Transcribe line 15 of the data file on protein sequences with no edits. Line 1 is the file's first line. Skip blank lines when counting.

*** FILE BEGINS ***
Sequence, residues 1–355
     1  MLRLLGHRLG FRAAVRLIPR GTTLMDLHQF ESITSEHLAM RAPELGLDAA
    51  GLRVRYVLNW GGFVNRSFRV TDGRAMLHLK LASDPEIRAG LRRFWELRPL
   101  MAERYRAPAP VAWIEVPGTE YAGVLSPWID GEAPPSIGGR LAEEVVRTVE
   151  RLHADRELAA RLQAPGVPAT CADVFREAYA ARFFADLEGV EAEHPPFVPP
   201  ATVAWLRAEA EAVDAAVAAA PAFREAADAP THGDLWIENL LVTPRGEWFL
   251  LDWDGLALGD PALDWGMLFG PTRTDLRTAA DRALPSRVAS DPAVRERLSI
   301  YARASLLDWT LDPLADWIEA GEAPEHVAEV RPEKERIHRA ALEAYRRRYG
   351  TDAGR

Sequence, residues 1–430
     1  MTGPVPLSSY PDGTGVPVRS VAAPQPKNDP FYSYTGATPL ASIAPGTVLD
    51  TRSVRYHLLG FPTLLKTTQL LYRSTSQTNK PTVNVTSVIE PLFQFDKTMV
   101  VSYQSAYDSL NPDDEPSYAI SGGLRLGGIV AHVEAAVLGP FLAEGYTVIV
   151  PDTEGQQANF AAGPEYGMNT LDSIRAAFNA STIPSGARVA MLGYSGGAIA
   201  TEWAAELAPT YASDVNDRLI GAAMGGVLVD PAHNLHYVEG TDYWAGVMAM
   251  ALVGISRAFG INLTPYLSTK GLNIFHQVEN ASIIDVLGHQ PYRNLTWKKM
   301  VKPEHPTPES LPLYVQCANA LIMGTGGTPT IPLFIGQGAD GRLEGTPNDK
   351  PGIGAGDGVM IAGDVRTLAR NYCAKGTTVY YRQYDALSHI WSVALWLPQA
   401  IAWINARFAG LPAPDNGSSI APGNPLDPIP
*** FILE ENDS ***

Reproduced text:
   201  TEWAAELAPT YASDVNDRLI GAAMGGVLVD PAHNLHYVEG TDYWAGVMAM